An Egyptian criminal court has sentenced a policeman to 10 years in prison for killing an unarmed activist who was marking the fourth anniversary of the 2011 uprising.
First Lieutenant Yaseen Hatem was last charged in March 2015 for his actions that “led to the death” of 32-year-old Shaimaa Sabbagh, a rare charge for a member of the security force.
Judge Ahmad Abu Al-Fotouh Suleiman read out the verdict yesterday after another court initially sentenced Hatem to 15 years in prison in June 2015 which was later overturned by the Court of Cassation with a retrial ordered for February 2016.
Hatem is likely to appeal against yesterday’s verdict to the Court of Cassation which can either uphold the verdict or order a retrial for a final time, according to the Daily Star Lebanon.
Sabbagh was killed when Hatem fired shots to disperse the crowd that had organised a march in Cairo in January 2015 to commemorate the 2011 uprising that ended the rule of long-time dictator Hosni Mubarak.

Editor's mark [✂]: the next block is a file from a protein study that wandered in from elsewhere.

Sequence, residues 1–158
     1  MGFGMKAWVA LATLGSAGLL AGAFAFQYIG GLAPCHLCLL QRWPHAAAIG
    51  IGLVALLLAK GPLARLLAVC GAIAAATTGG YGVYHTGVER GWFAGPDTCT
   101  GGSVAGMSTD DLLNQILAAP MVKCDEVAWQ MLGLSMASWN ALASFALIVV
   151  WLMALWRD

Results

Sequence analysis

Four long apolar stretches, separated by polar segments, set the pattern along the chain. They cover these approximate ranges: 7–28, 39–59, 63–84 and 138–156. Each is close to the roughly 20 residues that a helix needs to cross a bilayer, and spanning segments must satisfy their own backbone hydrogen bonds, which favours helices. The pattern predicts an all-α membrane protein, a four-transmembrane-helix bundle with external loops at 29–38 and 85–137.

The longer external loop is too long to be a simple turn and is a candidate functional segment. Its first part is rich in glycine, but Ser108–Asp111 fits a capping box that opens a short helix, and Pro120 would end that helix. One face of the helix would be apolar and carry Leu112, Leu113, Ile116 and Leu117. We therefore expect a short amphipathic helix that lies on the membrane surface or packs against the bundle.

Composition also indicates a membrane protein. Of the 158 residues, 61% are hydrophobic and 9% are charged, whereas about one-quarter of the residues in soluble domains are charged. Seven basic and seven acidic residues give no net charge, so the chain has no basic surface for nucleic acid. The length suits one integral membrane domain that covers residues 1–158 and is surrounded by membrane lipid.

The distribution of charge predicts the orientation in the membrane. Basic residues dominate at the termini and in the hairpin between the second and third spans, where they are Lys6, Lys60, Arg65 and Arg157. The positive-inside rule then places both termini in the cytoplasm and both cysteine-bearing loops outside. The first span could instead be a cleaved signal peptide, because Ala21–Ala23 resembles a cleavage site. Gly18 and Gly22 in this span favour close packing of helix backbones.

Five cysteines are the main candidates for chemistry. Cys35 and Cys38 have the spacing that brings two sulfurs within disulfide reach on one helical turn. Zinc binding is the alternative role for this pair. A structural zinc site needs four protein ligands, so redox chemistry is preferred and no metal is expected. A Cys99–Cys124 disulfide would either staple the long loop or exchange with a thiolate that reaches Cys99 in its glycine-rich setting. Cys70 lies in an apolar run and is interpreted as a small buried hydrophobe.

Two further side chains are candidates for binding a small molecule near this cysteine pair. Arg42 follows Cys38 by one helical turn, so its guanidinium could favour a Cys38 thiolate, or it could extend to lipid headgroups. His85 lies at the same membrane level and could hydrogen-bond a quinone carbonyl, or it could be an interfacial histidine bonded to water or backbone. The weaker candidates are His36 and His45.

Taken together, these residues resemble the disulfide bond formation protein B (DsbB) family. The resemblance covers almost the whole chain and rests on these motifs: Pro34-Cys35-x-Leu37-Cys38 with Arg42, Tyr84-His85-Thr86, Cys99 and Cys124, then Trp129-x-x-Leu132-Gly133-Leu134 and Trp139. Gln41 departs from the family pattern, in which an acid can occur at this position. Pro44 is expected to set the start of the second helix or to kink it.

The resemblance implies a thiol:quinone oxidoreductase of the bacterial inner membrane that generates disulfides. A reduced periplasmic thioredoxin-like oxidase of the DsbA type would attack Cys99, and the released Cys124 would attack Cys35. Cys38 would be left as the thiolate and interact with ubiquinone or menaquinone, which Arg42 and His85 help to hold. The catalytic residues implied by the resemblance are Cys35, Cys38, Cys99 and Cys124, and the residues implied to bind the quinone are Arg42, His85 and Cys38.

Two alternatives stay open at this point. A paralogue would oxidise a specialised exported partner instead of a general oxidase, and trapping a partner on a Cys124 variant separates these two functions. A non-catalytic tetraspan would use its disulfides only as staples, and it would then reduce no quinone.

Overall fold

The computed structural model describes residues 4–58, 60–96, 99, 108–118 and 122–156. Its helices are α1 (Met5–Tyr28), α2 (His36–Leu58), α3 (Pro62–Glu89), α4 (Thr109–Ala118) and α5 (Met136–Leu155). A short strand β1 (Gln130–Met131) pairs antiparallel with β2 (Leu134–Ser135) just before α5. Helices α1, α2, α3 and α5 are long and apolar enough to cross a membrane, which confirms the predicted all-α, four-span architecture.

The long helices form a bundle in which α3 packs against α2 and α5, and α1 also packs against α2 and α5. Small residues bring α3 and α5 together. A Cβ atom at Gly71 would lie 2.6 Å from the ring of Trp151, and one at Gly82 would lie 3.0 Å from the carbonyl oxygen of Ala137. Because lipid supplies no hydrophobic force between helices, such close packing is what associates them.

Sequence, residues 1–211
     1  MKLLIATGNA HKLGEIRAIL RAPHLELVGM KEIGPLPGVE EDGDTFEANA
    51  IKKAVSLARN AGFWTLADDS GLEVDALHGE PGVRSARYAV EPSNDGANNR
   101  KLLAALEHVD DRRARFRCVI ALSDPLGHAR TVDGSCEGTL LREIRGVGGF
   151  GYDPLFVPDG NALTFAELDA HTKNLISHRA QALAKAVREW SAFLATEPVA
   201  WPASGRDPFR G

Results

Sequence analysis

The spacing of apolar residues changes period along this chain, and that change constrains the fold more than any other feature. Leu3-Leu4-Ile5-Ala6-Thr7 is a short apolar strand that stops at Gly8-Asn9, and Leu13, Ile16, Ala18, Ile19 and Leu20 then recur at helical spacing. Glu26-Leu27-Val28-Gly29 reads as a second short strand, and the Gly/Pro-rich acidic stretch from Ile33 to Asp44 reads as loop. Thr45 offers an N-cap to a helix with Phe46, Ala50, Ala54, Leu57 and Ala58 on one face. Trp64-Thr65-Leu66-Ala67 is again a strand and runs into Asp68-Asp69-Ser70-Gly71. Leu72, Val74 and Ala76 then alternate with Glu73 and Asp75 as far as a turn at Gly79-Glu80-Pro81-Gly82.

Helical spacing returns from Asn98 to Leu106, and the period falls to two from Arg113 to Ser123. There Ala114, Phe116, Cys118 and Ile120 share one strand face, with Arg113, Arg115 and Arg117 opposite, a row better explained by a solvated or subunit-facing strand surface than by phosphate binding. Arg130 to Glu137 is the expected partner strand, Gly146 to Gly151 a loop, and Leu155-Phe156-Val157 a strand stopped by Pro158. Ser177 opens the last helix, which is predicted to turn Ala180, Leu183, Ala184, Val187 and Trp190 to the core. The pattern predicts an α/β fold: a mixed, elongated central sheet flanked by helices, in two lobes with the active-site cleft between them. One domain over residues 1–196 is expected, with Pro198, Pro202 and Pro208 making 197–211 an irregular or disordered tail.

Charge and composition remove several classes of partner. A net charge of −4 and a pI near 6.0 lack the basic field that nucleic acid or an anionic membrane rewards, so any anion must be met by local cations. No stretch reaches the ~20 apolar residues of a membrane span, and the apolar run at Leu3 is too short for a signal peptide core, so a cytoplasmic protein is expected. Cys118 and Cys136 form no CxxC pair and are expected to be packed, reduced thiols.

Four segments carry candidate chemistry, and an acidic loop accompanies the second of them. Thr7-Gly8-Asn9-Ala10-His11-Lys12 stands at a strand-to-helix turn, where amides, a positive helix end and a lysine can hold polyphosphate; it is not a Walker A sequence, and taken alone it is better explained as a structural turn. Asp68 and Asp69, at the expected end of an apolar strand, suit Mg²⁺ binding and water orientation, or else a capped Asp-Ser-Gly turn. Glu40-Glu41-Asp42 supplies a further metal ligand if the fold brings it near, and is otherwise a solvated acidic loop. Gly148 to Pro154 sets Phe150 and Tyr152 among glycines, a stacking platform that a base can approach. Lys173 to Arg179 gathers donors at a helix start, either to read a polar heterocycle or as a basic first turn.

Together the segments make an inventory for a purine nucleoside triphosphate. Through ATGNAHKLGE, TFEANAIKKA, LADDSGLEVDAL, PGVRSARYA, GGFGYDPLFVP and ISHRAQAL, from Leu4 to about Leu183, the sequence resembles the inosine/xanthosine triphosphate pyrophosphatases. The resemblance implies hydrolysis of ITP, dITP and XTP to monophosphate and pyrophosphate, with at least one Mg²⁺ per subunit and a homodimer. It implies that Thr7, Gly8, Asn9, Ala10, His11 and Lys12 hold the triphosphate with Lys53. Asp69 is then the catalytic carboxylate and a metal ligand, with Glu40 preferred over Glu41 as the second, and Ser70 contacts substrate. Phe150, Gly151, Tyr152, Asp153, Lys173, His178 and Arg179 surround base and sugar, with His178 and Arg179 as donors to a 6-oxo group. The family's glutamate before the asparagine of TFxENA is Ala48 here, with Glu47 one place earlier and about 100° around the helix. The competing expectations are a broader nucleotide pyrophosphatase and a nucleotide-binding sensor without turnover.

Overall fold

According to Sabbagh’s family lawyer and member of the socialist party Sabbagh belonged to, Sayed Abu Al-Ela:
From a personal standpoint, we will not be stratified with any verdict to avenge the martyr, but from a legal standpoint, we are, for the first time, witnessing the punishment of a member of the police force for harming or killing a protester since 2011.
Abu Al-Ela was pictured carrying Sabbagh’s bloodied body after she was shot by Hatem in close range, sparking outrage.
When President Abdel Fattah Al-Sisi came to power in 2013 protests were banned. Many saw the ban as a way for Al-Sisi to crackdown on dissidence and opposition to his governance after he took control of the country through a military coup.